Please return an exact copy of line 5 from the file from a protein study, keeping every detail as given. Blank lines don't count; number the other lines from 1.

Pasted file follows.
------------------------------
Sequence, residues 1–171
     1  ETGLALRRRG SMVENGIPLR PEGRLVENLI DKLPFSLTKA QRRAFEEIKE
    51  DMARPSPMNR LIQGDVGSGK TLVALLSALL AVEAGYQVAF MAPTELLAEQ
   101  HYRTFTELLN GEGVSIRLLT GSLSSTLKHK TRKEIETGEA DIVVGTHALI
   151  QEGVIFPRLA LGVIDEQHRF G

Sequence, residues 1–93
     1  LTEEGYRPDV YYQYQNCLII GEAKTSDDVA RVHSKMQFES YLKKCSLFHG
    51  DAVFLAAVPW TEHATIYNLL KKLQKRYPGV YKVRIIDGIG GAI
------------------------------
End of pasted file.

   151  QEGVIFPRLA LGVIDEQHRF G